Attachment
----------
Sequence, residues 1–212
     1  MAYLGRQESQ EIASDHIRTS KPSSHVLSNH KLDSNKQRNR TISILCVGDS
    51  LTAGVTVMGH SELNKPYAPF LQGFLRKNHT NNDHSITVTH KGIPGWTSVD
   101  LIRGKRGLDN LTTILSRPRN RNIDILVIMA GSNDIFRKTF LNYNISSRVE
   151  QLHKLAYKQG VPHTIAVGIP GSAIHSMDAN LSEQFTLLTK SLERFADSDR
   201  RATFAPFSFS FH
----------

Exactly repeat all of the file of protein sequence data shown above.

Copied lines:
Sequence, residues 1–212
     1  MAYLGRQESQ EIASDHIRTS KPSSHVLSNH KLDSNKQRNR TISILCVGDS
    51  LTAGVTVMGH SELNKPYAPF LQGFLRKNHT NNDHSITVTH KGIPGWTSVD
   101  LIRGKRGLDN LTTILSRPRN RNIDILVIMA GSNDIFRKTF LNYNISSRVE
   151  QLHKLAYKQG VPHTIAVGIP GSAIHSMDAN LSEQFTLLTK SLERFADSDR
   201  RATFAPFSFS FH